Words and Meditations

Life Notes—October 31, 2013 

  “Let the words of my mouth and the meditation of my heart be acceptable to you, O Lord, my rock and my redeemer.”

Psalm 19:14

I am often careless about the words I say.  There are times I wonder what I was thinking to have said what I said.  The fact is I was not thinking enough.  Part of my problem is I like to be witty.  A thought will spring into my head; it will seem clever and out it goes.  Once I saw a demonstration where a child squeezed a tube of toothpaste onto a plate.  Then he was told to put the toothpaste back into the tube.  Of course, that is impossible. The lesson was that our words are like the toothpaste.  They come out much easier than they go back in.  Indeed, we need to be careful not just in the words we utter, but also in how we choose to say them.

At times it seems words come into my head uninvited.  It is as if someone whispers words into my ear and they come out of my mouth.  Of course, that is not what happens.  Our words are a product of our meditations.  How we view people and interpret the events around us produce the words we say.  At least for me, there is a nearly continuous dialogue running in my head.  Sometimes that dialogue is meaningful and analytical.  Other times it is simply nonsense.  I am fully capable of working myself into an emotional frenzy, stemming from an internal dialogue having no basis in reality.  Sometimes I will project negative qualities onto others that simply are not factual.  When my internal dialogue begins with false or hurtful assumptions, the conclusions I draw will be equally false and hurtful.  A computer acronym comes to mind: GIGO.  It stands for: Garbage In, Garbage Out.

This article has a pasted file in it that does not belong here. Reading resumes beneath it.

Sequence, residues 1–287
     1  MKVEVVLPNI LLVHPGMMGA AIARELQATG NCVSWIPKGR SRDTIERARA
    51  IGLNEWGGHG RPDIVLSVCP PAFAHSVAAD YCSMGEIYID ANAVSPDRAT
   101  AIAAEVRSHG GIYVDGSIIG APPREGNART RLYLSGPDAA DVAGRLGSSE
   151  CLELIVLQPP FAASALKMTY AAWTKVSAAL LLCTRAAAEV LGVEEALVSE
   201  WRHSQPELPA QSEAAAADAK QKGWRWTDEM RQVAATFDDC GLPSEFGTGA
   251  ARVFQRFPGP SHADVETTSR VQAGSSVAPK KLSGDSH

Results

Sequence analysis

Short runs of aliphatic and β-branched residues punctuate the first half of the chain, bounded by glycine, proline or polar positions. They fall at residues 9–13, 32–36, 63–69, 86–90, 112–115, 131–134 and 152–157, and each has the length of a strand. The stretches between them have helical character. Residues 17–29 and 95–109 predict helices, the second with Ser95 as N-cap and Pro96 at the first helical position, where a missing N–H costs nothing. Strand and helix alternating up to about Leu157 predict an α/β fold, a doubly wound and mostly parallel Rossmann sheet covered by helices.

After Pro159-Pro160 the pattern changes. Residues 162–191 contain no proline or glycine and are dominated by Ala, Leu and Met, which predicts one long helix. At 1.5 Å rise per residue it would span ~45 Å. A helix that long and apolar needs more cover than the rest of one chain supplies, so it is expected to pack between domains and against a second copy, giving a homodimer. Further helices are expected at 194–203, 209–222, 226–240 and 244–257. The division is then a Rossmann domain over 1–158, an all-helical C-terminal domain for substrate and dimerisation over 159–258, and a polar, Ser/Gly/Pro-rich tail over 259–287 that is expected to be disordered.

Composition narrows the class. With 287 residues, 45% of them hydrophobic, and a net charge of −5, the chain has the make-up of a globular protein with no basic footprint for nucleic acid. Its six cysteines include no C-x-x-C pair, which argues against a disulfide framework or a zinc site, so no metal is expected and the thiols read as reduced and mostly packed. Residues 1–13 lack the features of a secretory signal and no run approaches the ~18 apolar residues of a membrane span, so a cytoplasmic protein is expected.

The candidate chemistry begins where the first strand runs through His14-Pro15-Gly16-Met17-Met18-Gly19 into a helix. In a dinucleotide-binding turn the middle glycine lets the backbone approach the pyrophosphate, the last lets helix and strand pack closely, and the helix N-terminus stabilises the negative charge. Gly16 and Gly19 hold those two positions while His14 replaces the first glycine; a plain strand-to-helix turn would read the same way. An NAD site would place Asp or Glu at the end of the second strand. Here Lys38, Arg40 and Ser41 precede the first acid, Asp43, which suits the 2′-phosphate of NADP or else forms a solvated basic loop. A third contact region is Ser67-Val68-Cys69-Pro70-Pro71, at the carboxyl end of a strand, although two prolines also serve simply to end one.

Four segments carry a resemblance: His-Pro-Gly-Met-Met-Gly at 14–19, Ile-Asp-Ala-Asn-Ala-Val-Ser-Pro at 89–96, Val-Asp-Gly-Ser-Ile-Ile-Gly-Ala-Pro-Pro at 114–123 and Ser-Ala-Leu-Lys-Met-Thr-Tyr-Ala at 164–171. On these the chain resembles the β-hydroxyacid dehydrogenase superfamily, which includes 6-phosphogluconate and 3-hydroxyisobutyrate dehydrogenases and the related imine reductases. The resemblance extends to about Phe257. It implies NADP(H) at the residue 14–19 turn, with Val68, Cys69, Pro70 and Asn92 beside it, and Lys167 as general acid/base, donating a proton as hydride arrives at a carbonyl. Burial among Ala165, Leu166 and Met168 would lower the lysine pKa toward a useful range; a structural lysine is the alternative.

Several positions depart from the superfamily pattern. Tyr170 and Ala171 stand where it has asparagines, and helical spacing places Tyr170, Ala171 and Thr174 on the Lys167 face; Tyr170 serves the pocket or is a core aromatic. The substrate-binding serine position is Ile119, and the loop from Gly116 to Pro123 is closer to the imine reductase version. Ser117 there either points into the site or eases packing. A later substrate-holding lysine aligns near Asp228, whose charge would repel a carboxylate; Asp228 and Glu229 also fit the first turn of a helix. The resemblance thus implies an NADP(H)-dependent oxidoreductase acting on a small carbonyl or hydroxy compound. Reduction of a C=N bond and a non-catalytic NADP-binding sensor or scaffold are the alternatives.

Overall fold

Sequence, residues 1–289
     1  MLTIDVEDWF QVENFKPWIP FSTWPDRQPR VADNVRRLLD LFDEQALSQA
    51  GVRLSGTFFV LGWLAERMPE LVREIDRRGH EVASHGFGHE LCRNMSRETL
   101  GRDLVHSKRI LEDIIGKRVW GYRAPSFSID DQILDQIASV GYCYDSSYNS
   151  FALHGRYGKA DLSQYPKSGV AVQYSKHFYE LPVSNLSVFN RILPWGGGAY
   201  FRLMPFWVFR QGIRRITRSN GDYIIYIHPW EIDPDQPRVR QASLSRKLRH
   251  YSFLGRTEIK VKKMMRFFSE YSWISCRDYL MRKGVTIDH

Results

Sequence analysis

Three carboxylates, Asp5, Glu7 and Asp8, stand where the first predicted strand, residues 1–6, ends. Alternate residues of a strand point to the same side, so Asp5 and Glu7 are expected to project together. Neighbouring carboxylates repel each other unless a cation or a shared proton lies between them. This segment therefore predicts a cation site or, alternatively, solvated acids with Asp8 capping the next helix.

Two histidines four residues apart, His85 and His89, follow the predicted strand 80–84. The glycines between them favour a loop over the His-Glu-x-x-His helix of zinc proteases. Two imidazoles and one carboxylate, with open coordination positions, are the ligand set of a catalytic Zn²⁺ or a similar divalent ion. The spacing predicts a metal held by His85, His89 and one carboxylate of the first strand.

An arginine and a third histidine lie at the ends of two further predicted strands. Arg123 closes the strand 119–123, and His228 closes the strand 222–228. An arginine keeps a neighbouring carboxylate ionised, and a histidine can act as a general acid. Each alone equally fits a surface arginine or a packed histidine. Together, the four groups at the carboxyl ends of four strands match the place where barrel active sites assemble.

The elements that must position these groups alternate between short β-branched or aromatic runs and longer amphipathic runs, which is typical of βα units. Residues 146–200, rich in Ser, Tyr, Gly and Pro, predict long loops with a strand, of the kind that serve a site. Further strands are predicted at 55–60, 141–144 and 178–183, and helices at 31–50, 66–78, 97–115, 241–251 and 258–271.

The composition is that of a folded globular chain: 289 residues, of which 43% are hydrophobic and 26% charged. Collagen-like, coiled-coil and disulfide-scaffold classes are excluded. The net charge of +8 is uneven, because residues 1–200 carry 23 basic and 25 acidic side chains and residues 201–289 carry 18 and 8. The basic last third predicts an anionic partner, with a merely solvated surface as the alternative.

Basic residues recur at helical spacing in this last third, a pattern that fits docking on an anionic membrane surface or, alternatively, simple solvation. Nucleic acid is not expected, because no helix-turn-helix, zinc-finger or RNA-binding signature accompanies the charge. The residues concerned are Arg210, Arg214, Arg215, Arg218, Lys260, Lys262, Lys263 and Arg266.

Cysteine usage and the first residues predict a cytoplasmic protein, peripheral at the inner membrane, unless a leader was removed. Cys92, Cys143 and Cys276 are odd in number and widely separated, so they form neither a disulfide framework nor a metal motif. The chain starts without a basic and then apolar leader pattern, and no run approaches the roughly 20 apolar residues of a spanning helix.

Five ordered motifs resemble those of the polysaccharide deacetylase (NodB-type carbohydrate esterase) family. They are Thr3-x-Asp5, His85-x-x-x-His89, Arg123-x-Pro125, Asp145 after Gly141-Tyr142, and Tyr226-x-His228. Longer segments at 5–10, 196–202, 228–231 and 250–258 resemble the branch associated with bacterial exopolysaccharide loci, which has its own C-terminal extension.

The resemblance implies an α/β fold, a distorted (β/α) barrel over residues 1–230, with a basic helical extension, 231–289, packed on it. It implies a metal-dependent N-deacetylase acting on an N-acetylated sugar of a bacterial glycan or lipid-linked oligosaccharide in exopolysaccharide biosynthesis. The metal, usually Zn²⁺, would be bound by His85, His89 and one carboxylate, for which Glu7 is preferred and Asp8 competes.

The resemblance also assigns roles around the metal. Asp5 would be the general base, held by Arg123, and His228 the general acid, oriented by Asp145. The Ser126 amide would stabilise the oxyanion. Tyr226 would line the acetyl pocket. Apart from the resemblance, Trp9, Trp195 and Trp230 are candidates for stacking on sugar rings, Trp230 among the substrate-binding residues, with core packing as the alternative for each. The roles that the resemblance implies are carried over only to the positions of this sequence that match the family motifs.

Psalm 19 contains a prayer I do well to remember daily.  If my words are not acceptable to God should I say them to another person?  Even more fundamental, the Psalm encourages us to examine the meditations of our hearts.  If our internal dialogue, our meditation, is not pleasing to God, should we allow it to fester?  Stopping and/or controlling the meditations of our hearts is not easy.  It requires the conscious focusing of our attention in specific directions.  It is similar to when we visit with others.  We cannot learn if we do all the talking.  We need to listen to learn.  Psalm 46:10 says, “Be still, and know that I am God!”  When our internal dialogue runs rampant and uncontrolled we cannot listen to or learn from God or anyone else.  However, when the meditations of our hearts are pleasing to God, we need not worry about the words coming from our mouths.

Come home to church this Sunday.  Plant God-pleasing meditations into your heart.

Greg Hildenbrand

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